I went to an animation event – FAFF. It was a showcase of a small businesses working on large projects. It didn’t relate to animated films, but instead focused on true stories, future issues and factual animations. However I was able to see how realistic characters were created.

Identified more people to contact and formed ideas of what primary research. At this stage I really need to start collecting more primary resource – I think I needed to take time to do a lot of research online and reading lots of books in order to understand exactly what I wanted to find out from people. Below are some planned primary research:

  • Another Questionnaire –  I made a questionnaire in 2015 and I got a lot of interesting and useful comments – I hope to look at this and improve it (more suited for my newly adapted question). I want to ask some personal questions and how influential gender is when watching animated films.
  • I want to make a list of animated films with females and share this with males (to tick off) how many they have seen. And maybe do the same with women.
  • Keep watching and reflecting the animated films 
  • Focus groups to really interview a group of people. Understand their experiences with watching the opposite gender in animated film – was it a problem?
  • Email psychologists, animators, storytellers and feminists  to gain an understanding of their perspectives.

The idea that movies influence our children and how they act in life. Young boys needs to connect with the heroine and understand they don’t have to fight it alone they should join a team. The narrative of beating the evil and then collecting the reward (often the women). ‘Why is there so much force? and so little yellow brick role‘- in these stories. “The movies are very very focused on defeating the villain and getting the reward, and there is not a lot of room for other relationships and journeys.” He defends the Disney princesses, but they appear to be aimed at women. They teach girls how to defend themselves from the patriarchy but how do the boys deal with the patriarchy? there are no models.  1 in 5 women are sexually assorted, ‘who are these guys? What are they learning? What are they failing to learn? are they absorbing the story that a males heroes job is to defeat the villain with violence and then collect their reward, which is a women, who has no friends and doesn’t speak.’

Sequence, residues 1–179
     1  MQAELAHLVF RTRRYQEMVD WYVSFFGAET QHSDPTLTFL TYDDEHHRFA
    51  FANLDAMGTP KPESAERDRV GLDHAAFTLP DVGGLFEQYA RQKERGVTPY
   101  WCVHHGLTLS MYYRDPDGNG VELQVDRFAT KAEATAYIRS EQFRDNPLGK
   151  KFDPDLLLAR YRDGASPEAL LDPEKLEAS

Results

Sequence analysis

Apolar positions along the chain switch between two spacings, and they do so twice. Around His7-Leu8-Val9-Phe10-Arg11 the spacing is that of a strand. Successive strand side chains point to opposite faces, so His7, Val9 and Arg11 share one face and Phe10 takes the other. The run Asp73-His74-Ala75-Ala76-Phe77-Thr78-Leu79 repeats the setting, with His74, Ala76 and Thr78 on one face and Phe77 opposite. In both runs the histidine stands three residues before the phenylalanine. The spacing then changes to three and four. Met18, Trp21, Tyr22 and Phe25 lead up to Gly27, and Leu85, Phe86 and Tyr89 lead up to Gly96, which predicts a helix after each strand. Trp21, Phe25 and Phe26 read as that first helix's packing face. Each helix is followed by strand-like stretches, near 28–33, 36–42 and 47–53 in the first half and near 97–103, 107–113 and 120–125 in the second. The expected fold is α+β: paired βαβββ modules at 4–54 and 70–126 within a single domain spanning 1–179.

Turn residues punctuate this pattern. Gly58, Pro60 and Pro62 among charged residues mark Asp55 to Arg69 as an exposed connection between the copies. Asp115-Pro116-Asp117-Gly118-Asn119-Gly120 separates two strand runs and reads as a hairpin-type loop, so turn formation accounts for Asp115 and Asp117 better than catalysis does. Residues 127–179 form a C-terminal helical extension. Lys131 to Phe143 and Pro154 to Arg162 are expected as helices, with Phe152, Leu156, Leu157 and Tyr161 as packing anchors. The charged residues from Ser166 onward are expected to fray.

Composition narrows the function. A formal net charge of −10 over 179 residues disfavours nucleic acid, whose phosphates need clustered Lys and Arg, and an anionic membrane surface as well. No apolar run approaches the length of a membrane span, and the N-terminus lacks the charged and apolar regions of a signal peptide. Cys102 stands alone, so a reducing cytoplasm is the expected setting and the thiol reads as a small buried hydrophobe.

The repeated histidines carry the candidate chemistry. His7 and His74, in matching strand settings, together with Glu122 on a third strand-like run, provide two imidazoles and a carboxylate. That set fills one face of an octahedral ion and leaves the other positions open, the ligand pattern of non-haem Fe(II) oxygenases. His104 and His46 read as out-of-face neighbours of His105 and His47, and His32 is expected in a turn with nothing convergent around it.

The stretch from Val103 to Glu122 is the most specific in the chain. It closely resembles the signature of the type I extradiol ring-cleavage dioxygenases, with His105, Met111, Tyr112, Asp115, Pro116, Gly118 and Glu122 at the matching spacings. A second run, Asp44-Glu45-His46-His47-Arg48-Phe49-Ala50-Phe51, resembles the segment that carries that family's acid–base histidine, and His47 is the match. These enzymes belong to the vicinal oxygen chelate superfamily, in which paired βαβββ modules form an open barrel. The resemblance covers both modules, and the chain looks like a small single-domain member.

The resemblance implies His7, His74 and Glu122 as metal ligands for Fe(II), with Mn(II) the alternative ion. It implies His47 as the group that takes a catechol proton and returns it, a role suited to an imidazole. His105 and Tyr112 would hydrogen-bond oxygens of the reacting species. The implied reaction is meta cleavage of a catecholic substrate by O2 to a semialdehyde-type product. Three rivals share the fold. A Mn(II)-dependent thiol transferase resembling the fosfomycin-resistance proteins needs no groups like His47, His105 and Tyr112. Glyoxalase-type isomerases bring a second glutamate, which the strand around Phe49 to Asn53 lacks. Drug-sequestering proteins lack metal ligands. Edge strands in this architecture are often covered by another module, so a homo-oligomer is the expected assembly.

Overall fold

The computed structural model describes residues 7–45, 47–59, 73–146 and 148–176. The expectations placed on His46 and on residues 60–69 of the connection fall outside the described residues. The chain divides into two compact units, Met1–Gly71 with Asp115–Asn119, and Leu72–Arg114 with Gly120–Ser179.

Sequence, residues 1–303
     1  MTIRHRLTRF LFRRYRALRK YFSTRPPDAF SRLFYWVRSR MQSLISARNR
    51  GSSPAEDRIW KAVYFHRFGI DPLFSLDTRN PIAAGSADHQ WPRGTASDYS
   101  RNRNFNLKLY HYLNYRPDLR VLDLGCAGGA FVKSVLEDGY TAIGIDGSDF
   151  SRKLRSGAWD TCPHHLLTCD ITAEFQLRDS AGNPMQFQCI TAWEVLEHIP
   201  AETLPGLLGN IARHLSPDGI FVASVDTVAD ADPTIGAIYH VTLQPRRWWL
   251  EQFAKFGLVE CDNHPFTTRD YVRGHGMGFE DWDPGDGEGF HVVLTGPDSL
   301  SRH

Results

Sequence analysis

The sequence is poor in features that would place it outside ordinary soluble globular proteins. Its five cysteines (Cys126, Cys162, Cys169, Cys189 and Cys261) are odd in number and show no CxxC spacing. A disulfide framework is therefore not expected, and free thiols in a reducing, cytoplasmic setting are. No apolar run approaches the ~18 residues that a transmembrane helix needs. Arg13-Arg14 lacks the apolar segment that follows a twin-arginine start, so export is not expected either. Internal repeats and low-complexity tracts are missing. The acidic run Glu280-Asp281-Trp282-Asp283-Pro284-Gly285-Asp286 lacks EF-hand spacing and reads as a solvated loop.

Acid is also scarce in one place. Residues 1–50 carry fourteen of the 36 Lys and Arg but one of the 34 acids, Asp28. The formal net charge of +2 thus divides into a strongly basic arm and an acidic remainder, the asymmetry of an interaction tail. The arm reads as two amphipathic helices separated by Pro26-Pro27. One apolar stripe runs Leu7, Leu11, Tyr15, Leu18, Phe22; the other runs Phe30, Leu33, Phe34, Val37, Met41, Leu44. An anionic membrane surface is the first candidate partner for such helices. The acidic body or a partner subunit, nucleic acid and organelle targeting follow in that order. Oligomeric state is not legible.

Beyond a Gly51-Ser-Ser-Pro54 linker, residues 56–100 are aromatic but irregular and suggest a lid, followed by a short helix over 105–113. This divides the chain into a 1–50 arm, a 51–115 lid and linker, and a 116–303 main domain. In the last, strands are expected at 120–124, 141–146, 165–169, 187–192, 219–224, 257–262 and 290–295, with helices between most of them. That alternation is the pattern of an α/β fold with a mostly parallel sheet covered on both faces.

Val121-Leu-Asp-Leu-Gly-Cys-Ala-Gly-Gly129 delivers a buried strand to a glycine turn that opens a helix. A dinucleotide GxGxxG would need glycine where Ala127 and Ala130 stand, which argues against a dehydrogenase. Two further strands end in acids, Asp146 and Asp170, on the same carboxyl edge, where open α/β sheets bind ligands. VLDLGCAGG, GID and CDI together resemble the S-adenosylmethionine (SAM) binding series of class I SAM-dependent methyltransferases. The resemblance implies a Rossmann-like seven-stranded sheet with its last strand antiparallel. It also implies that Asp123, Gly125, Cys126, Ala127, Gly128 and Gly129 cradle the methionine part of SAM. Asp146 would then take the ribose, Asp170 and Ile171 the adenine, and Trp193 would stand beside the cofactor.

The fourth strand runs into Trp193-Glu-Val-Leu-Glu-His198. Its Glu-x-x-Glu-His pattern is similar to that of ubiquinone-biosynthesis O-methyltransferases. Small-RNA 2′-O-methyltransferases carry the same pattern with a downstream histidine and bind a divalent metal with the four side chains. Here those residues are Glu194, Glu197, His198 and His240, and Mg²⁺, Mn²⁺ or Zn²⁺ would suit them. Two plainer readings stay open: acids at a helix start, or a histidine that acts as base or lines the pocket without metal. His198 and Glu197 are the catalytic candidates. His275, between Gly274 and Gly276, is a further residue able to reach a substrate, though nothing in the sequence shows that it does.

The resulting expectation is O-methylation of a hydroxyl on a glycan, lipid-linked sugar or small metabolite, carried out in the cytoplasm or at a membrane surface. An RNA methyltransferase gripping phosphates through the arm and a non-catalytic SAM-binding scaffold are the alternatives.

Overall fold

We have tools at our disposal like girl power, and we hope that that will help, but I gotta’ wonder if girl power is gonna protect them, if at the same time, actively or passively we are training our sons to maintain their boy power. I mean, I think the Netflix queue is one way that we can do something very important. And I am talking mainly to the dad’s here, I think we have got to show our sons, a new definition of manhood. Now, the definition of manhood is already turning upside down. You’ve read about the new economy is changing the roles of care giver and wager and throwing them in the air. So our sons are going to have to find someway of adapting to this, a new relationship to one another … and to seek out the heroines who are there,who show real courage who bring people together and to nudge our sons to identify with those heroines, and to say: I want to be on their team.” – (Colin Stokes)

5/09/2016 – Went to Dorset, Devon and Cornwall for five days


I watched lots of videos and podcasts from TED talks and YouTube that explored the key areas I had Identified in July. I watched a lot of different videos and essentially gained new ideas and perspectives not previously considered. I have been able to find more sources from the previous videos and ideas I had not thought about originally, such as vulnerability and risk taking.

A video I watched spoke about vulnerability (being comfortable to be vulnerable) will lead to taking risks and getting to where you want in life. The heroes from stories, have to take risks – to meet the heroes journey. Then why are strong characters so precious (of course showing strong role models are great) but weaker characters are also important. Humans are not always strong and showing vulnerability is the key to becoming successful achieving what you want – collecting that reward. Is something I am very interested in researching for my dissertation, understanding the perfect hero.

I have read 5 of the 18 books I have identified. I have collected quotes and identified new perspectives on my topic. At this stage I can see how the topics cross over nicely and feed one another. I want to put these quotes onto a document to make it easier for when I come to write the dissertation.

I have collected more websites. I have researched heavily into the hero – how real heroes react in life. And a lot into psychology and how females and males differ.

I have a lot more free time now so I have been watched around 15 animated films this month. I have chosen a selection of animated films from Studio Ghibli, Pixar, Disney and etc.

[I have been Busy on animation presentation throughout this month – returning back after summer and preparing to start new term]

13/08/2016Went to Dorset for five days